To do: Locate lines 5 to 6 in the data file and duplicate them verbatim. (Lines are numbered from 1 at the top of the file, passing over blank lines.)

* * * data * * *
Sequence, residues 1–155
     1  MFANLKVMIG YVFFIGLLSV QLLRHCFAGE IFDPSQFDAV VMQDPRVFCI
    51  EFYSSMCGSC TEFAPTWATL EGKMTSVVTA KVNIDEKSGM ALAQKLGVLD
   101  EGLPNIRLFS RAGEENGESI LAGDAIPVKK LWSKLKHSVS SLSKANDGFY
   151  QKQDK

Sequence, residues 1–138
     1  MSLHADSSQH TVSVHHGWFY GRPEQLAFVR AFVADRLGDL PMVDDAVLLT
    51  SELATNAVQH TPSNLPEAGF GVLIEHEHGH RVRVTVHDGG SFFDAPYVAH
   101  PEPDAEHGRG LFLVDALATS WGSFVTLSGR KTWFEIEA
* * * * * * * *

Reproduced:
   151  QKQDK

Sequence, residues 1–138